Dummy head recording

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Dummy head being used for binaural recording; the second microphone is obscured.
A binaural recording. The desired effect can be achieved only with stereo headphones.

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A binaural recording. The desired effect can be achieved only with stereo headphones.

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In acoustics, dummy head recording (also known as artificial head or Kunstkopf) is a method used to make binaural recordings that allows a listener wearing headphones to perceive the directionality and the room acoustics of single or multiple sources.

Human perception of the direction of a sound source is complex, and consists of:

  1. Simple "left-right" information can be gained from relative level differences and time of arrival differences of the sound in each ear.
  2. For percussive sounds, the impact of a shock wave can register perceptibly on the skin (typically the upper torso), with the earliest and strongest sensory stimulus coming from the regions of skin aligned perpendicular to the direction of the sound source.
  3. The human head imprints frequency-dependent distortions of phase and amplitude on sound reaching the eardrums, that are frequency-dependent level differences and these distortion effects vary with the direction of the sound source (being caused by the geometry and sound-transmitting characteristics of the sinus and throat cavities, eustachian tubes, inner ear, external ears, and other hard and soft tissues in the head and upper body (see: head-related transfer function, "HRTF").

Conventional stereo recording only makes use of left-right information. Dummy head recording uses both left-right information and frequency-dependent distortions.

Methods[edit]

There are two main ways of making a recording that uses this last effect to encode directionality information:

  1. Dummy head recording uses an artificial model of a human head, built from selected acoustic materials to emulate the sound-transmitting characteristics of a real human head, with two microphone inserts embedded at the "eardrum" locations.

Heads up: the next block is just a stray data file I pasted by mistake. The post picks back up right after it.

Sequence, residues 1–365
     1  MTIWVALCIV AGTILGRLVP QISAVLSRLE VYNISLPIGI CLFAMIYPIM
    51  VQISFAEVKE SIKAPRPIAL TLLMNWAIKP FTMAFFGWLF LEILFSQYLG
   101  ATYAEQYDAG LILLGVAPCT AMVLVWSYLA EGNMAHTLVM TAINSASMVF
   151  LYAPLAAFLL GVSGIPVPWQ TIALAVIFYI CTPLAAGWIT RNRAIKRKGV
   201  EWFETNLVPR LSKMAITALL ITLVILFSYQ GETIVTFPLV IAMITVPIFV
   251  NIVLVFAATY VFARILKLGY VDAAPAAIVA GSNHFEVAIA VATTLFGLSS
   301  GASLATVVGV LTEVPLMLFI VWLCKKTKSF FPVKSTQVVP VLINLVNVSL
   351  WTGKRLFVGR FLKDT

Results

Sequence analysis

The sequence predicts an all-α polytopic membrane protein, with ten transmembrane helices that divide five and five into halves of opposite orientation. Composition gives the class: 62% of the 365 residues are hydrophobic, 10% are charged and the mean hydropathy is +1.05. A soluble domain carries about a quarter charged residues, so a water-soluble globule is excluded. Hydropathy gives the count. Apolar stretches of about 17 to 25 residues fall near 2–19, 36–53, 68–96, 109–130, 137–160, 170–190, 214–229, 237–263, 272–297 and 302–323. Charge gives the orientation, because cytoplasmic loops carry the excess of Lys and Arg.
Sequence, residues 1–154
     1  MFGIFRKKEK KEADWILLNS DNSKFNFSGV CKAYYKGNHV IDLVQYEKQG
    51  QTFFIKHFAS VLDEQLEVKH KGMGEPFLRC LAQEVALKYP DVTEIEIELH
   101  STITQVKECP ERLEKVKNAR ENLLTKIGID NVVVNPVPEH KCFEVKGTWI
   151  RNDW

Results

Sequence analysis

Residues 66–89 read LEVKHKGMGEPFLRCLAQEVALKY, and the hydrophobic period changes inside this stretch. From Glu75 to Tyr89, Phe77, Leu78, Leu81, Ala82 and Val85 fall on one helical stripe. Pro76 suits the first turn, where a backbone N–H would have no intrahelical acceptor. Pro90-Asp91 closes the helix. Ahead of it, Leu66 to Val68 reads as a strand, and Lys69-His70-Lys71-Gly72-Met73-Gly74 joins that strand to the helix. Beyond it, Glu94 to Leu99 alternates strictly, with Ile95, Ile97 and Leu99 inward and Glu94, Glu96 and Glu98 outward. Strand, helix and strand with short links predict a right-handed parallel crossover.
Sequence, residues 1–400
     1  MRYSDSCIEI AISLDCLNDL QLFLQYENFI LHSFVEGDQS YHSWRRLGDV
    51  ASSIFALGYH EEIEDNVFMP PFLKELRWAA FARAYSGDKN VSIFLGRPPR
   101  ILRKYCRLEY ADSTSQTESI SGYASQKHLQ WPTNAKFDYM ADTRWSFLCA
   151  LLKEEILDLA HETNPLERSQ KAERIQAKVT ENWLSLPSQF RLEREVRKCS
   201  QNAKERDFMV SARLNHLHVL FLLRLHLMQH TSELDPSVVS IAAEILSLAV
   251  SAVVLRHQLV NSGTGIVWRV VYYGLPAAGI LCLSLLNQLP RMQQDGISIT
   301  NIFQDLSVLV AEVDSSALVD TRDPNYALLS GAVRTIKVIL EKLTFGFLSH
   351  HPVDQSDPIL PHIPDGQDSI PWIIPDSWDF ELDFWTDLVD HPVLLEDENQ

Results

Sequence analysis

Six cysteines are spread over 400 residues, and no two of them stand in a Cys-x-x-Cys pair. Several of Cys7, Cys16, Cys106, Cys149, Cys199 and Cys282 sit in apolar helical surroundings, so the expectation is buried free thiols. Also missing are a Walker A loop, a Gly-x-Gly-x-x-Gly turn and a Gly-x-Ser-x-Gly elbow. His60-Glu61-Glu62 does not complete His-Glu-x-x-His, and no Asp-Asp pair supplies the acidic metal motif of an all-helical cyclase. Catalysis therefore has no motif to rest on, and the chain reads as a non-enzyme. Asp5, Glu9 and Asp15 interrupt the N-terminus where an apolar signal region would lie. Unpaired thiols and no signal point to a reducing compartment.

2. Simulated dummy head recording processes a signal electronically to imprint the HRTF information associated with a specified direction.

Limitations[edit]

Because each person's pinnae are unique, and because the filtering they impose on sound directionality is learned by each person from early childhood, the use of pinnae during recording that are not the same as the ultimate listener may lead to perceptual confusion.[1][verification needed]

History[edit]

Historically, dummy head recordings have been associated with the use of a physical synthetic head, the "Kunstkopf". The "head" could be placed in a concert hall to make a live orchestral recording, or actors could stand around the head when recording their dialogue. The head could also be used to imprint positional information on prerecorded sound effects by playing sounds through a loudspeaker placed in a suitable position by the head, and rerecording the result (for instance, it might be desirable for birdsong or thunder to seem to be coming from above the listener; this would not be achievable using conventional methods).

In the 1990s, electronic devices were made commercially available that used DSP processing power to reproduce an HRTF digitally. These devices allowed the operator to use dials to adjust the apparent direction of sounds in real time. They were unusual and expensive, but allowed an operator to "position" pre-recorded special effects quickly and conveniently, and also to move sound sources dynamically. By manipulating the dials, the sound engineer could take a monophonic recording of a passing car and make it sound to the listener as if it were passing behind them in a particular direction. With a "physical" dummy head, this would have also required a rerecording booth, and either a single moving loudspeaker or an array of speakers and some sort of multiple panning or switching device.

See also[edit]

References[edit]

  1. ^ Wenzel EM, Arruda M, Kistler DJ, Wightman FL. Localization using nonindividualized head-related transfer functions. J Acoust Soc Am 1993;94(1):111–23